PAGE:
Madness as a Break-Through: R.D. Laing
At the end of the 19th century, it was coming to view that mental illness was different in degree from the psychological suffering of normal people. Freud suggested that neurosis and normality are part of the same scale. With this in play, anyone is capable of succumbing to mental disturbance in extreme circumstances.
Biology and Behavior
Like Freud, Laing thought against the fundamental values of psychiatry. He rejected the focus on mental illness as a biological factor and highlighted the significance of the social, cultural, and familial influences that shape personal experience. He never denied the grim reality of mental illness, his perspective was in contrast to the accepted medical basis and practice of psychiatry. Laing's work doubts the validity of psychiatric diagnosis saying the accepted process of diagnosing mental disorders does not follow the traditional medical model. Doctors provide examinations and tests to diagnose physical illness, where psychiatric diagnosis is based on behavior. In his perspective, there is also a problem in diagnosing mental illness based on conduct, but treating it biologically with drugs. If a diagnosis is based on behavior, then so should the treatment. He argues that drugs hinder the ability to think and result with the natural process of true recovery.
Laing's main work focuses on the understanding and treatment of schizophrenia and on explaining it to the normal society. This is a serious mental disorder characterized by severe distruptions in psychological functioning. He says schizophrenia is not inherited yet is an understandable reaction to unlivable situations. He used Gregory Bateson's theory called "double bind" which focused on a person is put into situations where he or she faces conflicting expectations. Using that theory, he believed resulting in extreme mental distress.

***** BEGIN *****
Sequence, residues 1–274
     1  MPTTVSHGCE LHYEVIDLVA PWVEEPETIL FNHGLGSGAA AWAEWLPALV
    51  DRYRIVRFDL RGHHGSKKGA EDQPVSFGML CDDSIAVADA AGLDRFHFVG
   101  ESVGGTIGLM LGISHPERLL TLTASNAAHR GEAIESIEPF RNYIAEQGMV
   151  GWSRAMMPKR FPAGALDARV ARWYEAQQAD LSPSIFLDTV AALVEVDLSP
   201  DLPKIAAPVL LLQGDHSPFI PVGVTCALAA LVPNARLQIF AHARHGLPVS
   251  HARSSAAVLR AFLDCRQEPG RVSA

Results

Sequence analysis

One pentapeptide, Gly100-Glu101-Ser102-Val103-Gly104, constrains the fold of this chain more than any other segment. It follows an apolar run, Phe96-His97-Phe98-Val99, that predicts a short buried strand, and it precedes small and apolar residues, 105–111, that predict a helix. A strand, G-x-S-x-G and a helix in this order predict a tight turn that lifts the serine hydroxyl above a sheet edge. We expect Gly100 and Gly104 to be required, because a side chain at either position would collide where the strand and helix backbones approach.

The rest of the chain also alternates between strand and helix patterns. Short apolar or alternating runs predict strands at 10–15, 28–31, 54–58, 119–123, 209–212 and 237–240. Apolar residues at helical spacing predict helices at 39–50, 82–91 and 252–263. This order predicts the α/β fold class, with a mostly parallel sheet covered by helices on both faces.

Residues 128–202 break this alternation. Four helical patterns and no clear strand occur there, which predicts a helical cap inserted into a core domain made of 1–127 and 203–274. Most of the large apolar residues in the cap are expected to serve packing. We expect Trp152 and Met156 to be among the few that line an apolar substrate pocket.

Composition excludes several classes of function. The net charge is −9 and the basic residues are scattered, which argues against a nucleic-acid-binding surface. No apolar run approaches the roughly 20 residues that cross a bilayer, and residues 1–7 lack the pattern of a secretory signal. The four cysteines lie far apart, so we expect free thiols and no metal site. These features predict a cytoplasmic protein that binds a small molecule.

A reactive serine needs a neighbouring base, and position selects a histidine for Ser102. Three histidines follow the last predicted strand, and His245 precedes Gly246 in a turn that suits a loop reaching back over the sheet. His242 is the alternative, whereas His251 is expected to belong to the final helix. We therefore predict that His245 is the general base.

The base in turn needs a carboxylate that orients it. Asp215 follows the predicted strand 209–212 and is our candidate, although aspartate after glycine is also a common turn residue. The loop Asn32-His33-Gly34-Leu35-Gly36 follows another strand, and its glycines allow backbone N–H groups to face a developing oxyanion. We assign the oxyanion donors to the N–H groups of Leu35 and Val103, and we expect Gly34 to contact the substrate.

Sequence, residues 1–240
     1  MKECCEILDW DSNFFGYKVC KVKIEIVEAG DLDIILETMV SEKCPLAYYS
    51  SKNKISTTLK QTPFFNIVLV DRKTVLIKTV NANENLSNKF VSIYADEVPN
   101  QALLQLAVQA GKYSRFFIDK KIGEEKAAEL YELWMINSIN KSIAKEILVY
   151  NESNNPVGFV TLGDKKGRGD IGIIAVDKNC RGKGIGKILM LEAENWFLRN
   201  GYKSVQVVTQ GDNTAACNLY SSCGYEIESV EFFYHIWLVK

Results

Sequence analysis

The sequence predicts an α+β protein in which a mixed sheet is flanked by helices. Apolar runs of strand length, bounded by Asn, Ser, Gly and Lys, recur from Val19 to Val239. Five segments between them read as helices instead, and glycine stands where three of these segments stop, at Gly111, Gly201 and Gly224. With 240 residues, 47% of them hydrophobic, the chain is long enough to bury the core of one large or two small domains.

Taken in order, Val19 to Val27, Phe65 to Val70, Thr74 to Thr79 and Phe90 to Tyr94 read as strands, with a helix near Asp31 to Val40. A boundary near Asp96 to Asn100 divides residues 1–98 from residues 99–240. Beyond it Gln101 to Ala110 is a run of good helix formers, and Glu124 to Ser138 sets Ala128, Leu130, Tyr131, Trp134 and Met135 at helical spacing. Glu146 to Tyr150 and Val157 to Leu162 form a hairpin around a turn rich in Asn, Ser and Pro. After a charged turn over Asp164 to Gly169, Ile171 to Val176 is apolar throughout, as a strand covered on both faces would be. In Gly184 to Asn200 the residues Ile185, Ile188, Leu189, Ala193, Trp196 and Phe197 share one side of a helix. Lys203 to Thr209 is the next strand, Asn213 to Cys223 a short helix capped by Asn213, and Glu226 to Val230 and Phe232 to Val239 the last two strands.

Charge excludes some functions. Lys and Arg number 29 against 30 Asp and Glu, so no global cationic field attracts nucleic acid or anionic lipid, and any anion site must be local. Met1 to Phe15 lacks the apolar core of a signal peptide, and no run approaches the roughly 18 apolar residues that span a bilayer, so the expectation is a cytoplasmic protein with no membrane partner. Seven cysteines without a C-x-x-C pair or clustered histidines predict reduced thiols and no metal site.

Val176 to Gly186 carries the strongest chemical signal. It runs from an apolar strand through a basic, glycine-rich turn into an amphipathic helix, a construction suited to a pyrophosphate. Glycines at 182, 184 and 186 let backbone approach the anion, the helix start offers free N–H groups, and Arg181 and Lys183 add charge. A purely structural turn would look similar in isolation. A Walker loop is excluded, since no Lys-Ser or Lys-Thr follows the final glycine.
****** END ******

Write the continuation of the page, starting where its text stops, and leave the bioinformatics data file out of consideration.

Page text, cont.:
Illness as a Breakthrough
Laing was revolutionary in observing the abnormal behavior and confused speech of schizophrenics as valid proof of distress. In his eyes, psychotic episodes represent attempts to communicate concerns that should be seen as cathartic and transformative experiences that lead to personal insights. Laing accepted that these episodes are difficult to comprehend yet claims this is because the patients are only focusing on the language of personal symbolism that is only meaningful from within. Laing's psychotherapy is drug-free and tries to make sense of a patient's symbolism by listening in as an attentive and empathetic spirit. This theory is based on the belief that people are healthy in their natural state and that mental illness is an attempt to return to that healthy state.
Ronald David Laing, born in Scotland, studying medicine at Glasgow University. He became a psychiatrist in the British Army after he developed an interest in working with the mentally distressed. Later, he trained at the Travistock Clinic in London, England. The Philadelphia Association was started by Laing and a group of colleagues in 1965. Then they also started a psychiatric project at Kingsley Hall where patients and therapists lived together.
His behavior would best be described as erratic and his spiritual preoccupations later in his life led to a decline in his reputation. When he was unable to develop a possible alternative to conventional medical treatment, his ideas were not and are not accepted by the psychiatric establishment. Even so, his contributions to the anti-psychiatry movement, specifically in family therapy, had a lasting impact. In 1989, he died of a heart attack.